Don’t be constrained by the past. Try to see the library with fresh eyes. Take a look around your library and ask yourself what’s broken? You might be surprised at all the improvements you can make.


Library School To Do List

child's to do list

Photo by Carissa GoodNCrazy on Flickr

In getting my MLIS, there are things I’m glad that I did, and there are also things that I wish that I had done differently. To get a library job there are some important skills you need. If I had to do it over again I would make sure that I had all of these things checked off my list:

Real World Experience

You can’t expect to get hired out of library school unless you have some real experience to point to. The degree is important, but what really sets you apart is what you’ve done. There are plenty of ways to get experience. Get an assistantship, internship or graduate position at a library where you’re actually doing the job. Volunteer at a public, academic, or even jail library. Do a practicum as a part of a class. This doesn’t need to be full time professional experience, but you should show that you have something hands on that you can point to in your resume.

Some Technology Skills

Libraries and technology are integrally tied together. You have to make it a priority to develop some technology chops. I’m not going to enumerate specific skills you need (though I think some HTML is critical). You need to be comfortable with technology and the speed at which it changes. If your program doesn’t offer technology classes, do some outside work. Try something similar to the 23 things project. Start a tech in libraries club or get involved with the LITA chapter at school. You’re never done learning technology, so you have to learn how to play and evaluate technology and how/if it fits into your needs.

Professional Engagement

You need to show that you care about the profession and want to give back.  Join a professional organization like the ALA. Student memberships are often highly discounted. Besides an association there are tons of ways to be professionally engaged: publish an article or opinion piece, attend conferences, join a library club at school, volunteer at a library, give a presentation, join a professional committee. People like to see job-seekers who are passionate, engaged, and thoughtful about what they do.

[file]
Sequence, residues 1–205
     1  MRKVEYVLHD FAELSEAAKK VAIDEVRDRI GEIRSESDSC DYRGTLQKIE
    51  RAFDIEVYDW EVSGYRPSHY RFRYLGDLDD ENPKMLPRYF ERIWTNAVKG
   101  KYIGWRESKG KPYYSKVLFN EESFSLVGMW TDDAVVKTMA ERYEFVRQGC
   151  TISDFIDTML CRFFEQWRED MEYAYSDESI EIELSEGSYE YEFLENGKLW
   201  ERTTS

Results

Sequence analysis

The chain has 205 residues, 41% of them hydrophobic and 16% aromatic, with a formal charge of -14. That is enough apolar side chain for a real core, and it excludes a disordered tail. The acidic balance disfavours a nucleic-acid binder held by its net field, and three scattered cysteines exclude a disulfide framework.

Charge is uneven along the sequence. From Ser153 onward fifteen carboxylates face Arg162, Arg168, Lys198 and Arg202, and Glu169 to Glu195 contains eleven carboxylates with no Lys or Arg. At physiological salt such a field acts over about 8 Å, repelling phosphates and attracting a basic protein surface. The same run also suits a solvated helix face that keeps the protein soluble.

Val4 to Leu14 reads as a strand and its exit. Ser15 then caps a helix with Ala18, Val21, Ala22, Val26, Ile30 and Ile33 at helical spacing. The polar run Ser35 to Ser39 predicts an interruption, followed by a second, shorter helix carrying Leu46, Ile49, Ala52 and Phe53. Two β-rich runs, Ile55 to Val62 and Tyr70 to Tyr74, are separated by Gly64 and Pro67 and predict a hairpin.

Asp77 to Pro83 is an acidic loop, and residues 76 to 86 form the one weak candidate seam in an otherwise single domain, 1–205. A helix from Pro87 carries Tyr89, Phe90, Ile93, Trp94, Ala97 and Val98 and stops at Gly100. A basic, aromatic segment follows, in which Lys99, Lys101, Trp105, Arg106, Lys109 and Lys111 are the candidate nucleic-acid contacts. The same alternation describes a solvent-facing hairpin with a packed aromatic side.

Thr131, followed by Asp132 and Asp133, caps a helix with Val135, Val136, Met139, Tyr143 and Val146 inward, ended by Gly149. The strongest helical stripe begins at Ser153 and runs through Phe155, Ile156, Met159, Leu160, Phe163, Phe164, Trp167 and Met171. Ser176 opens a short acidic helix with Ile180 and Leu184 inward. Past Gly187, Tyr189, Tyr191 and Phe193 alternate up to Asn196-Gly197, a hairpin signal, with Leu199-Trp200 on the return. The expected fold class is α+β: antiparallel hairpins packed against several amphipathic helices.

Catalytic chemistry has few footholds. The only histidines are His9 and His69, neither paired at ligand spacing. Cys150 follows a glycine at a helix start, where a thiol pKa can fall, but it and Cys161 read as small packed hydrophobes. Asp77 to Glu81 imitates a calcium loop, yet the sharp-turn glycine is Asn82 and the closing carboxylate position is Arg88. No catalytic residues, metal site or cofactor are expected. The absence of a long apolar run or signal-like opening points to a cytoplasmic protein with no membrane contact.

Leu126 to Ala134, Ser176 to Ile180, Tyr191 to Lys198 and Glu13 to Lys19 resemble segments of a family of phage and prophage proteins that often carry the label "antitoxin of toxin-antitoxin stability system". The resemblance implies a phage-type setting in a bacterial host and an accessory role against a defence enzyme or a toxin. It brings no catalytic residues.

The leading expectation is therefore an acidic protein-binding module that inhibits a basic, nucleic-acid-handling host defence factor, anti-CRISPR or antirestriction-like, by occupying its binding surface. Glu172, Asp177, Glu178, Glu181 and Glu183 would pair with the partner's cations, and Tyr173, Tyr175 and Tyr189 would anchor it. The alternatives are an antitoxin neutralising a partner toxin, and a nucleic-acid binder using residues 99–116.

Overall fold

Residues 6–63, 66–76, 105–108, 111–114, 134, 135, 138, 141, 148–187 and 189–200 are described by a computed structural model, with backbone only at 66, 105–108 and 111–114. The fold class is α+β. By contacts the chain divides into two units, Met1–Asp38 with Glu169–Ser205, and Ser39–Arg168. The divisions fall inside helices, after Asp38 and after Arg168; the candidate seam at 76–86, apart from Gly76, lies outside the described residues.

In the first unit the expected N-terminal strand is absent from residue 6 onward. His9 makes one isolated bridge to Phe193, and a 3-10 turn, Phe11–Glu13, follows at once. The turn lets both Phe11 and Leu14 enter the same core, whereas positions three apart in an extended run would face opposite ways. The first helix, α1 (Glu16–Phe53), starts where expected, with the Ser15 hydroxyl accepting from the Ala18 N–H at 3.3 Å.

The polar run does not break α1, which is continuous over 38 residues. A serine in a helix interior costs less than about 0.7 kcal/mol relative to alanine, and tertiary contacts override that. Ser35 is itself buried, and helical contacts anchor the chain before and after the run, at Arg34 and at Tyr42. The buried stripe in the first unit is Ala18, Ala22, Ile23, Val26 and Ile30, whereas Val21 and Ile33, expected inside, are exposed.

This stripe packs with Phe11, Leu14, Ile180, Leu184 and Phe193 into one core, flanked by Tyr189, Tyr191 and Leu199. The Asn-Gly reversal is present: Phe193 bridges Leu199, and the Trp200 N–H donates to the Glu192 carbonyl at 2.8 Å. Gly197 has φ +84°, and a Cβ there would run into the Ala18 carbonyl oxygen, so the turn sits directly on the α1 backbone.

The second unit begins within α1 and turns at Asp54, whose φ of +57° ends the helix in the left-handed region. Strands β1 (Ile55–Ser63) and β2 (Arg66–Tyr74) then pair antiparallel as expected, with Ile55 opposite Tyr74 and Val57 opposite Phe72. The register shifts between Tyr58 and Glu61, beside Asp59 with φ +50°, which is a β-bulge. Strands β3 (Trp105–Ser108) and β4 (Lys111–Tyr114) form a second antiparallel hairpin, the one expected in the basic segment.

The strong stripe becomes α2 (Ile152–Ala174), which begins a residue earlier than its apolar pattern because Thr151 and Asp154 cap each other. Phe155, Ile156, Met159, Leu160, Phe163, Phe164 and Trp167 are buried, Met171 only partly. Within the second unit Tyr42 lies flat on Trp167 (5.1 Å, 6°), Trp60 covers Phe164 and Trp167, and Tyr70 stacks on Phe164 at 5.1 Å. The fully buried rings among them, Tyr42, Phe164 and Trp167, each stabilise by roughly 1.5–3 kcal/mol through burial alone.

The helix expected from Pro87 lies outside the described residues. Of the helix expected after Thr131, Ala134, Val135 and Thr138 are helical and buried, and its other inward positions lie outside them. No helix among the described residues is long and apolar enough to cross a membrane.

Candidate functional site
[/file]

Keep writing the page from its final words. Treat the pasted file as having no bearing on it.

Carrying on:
Make Connections

Build and maintain connections with students, professors, and other professionals you meet. The library world is a pretty small one, and every connection is important. Make friendships with students and maintain them via social media. Connections that you make in library school can be lifelong and may be very helpful down the road, even if you don’t see it now. Besides librarians are some of the most fun people to hang out with anyway.

Get a Website

The benefits of getting a website is twofold. It helps you play with and learn technology, and it also is a place to show off things that may not come through in a paper resume. If you constructed a video tutorial you could highlight it on your website. If you gave an interesting presentation or Prezi you can embed it. It doesn’t need to be super flashy. You could just get a WordPress blog or create one in a couple hours using Weebly or Google sites.

Teaching Experience

This one I found very helpful personally. If you know for sure you never will be teaching this one might be optional, but this skill makes you so much more marketable. Volunteer to do workshops. If offered, take an instruction class. I took a practicum and it helped me immensely. Librarians are in the business of learning and information and that often means we need to be educators.